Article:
What did this man do? He approached a 16-year-old girl he had seen at his kid’s school in a store. He told her he thought she “looked nice.” He sent her a “friend” request on Facebook. The girl wisely told her father. Her father reported this to the local police. The FBI got involved and had one of their agents pose as the girl on Facebook. An instant message account was established on a Yahoo! email account. The defendant sent messages enticing the girl to have sex with him. Eventually a meeting was set up where the defendant arranged to meet the girl at a train station. The defendant went to the train station to meet her and was arrested. The girl did not go to the train station. When arrested he had alcohol and condoms on his person. He was charged with one count of online enticement of a female minor. The defendant had been reported before to the local police for sending sexually explicit messages to another 16-year-old girl and to an 18- year-old girl, but he was not prosecuted for those incidents.

The defendant can be any age. He or she could be a juvenile or over the age of 18. How many juveniles are using the internet, instant messaging, texting, using Facebook and other social media sites to entice and solicit sexual activity? People say things by text, on Facebook, in email and on social media sites they would never say in person. If your minor under the age of 18 was Federally charged for this offense, they would be tried under the Federal Juvenile rules and laws. They probably would not be facing a ten-year mandatory prison sentence but could face severe custodial and other sanctions. If they are 18 or over, they are facing the same penalties as this defendant.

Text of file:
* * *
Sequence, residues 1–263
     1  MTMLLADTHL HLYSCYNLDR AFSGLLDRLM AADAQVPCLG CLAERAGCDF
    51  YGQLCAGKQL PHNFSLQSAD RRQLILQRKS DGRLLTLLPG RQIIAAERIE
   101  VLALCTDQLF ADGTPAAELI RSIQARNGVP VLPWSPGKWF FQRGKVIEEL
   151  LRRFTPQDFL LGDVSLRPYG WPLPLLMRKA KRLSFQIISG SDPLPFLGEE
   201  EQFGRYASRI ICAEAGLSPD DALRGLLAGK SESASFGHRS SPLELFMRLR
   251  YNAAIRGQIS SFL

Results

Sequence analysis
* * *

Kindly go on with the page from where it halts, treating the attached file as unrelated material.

1. Talk to your minors. Talk to your spouse or significant other and discuss cases like this. The defendant in the above case has a family. He is now facing a minimum sentence of ten years in a Federal penitentiary.

2. Supervise your minors texting, their Facebook page, Instant Messaging and other social media sites. Put parental controls in place to block sexual material. Please review our prior blogs on these subjects.

3. Do not permit your minors to restrict you from having access to the above. If they will not permit you to regularly review and supervise what they are texting, sending and posting, don’t allow it or pay for it.